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Re: MIDI instrument for oboe d'amore

From: Jacques Menu
Subject: Re: MIDI instrument for oboe d'amore
Date: Wed, 1 May 2019 09:55:00 +0200

Unfortunately, \transposition can only be used when the notes are written in « instrument » pitch, not concert pitch. BTW, it could be better named as something like \transposingInstrument, it seems.

I started by writing the code to obtain the same score as the manuscript I’m using, where the first staff is written for a viola, hence my notes are in concert pitch.

Then I added \transpose to have it printed for an oboe d’amore.
But then I can no longer proof it by ear without changing the MIDI output too, which I don’t know how to do.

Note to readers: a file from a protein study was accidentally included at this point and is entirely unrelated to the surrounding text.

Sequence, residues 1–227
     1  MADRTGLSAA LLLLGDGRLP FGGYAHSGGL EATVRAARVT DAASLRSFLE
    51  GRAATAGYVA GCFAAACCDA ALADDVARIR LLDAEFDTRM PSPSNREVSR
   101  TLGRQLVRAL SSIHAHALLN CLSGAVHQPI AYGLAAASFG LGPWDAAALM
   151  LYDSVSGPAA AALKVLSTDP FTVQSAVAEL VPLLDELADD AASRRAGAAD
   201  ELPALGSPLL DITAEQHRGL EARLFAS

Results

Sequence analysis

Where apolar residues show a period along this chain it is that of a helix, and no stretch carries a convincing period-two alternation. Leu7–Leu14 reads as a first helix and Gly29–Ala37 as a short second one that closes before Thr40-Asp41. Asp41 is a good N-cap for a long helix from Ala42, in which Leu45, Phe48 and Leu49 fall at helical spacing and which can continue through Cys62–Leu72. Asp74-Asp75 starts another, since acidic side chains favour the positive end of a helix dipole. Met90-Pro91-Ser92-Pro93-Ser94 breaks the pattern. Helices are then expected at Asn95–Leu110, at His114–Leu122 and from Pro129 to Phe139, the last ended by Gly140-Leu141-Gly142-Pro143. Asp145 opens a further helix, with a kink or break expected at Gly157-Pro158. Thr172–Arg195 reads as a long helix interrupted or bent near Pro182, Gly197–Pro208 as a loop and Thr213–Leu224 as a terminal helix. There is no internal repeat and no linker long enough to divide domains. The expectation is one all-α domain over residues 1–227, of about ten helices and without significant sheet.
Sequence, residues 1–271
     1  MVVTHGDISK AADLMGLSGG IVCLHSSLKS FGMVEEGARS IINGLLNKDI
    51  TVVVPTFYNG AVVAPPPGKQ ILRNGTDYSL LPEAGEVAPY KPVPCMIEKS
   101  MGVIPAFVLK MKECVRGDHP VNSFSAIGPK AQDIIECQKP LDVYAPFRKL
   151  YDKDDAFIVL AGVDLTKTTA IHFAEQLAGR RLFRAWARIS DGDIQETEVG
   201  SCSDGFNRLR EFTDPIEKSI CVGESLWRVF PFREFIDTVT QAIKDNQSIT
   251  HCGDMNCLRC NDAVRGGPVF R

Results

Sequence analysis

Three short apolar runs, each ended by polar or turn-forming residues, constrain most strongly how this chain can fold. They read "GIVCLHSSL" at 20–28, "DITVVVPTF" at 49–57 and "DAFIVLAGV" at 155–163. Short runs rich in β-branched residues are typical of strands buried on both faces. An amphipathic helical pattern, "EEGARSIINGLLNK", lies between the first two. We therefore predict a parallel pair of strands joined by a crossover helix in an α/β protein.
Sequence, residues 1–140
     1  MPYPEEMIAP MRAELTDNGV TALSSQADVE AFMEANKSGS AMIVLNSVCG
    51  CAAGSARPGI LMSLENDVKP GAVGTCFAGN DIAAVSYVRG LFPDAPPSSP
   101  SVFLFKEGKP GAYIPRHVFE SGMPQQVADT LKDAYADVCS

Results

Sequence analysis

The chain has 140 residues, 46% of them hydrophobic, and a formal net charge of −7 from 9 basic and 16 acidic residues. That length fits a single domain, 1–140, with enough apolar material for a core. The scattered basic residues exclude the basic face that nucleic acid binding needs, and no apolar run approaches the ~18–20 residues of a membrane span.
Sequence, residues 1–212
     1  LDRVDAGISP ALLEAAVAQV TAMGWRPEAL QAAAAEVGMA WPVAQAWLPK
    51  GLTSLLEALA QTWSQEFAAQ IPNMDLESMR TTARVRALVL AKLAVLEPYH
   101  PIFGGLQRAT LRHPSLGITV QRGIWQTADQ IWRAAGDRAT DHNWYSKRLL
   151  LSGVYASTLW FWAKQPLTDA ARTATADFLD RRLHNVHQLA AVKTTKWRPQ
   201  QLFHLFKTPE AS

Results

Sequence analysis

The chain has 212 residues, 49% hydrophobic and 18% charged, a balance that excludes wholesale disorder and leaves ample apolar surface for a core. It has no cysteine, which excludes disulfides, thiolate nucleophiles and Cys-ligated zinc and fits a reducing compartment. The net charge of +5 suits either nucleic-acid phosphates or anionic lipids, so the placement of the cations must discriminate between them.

I’d prefer to keep the notes unchanged, in concert pitch, instead of modifying them - hence my post.


Le 30 avr. 2019 à 11:20, David Kastrup <address@hidden> a écrit :

David Kastrup <address@hidden> writes:

Jacques Menu <address@hidden> writes:

Thanks Lukas and Aaron for your help.

In fact, my use case is merely to listen to the MIDI file from within
Frescobaldi, to ear-proof the score. I don’t have any MIDI equipment,
and organ sound is fine for that purpose.

I got the surprise that transposing a voice for the oboe d’amore in A,
in Lully’s « Dormez beaux yeux » for the needs of our oboes band, lead
to quite modern music being heard...

What would best suit my need is a way to counter-balance the effect of
\transpose in the \midi block. This way, one would get both the
printed score and the MIDI pitches alright, even for instruments
unknown to standard MIDI.

Can that be done?

That's what \transposition is for.  Look it up in the manual.

Note: as opposed to \transpose (completely different thing in both
semantics and syntax though looking rather similar).

David Kastrup

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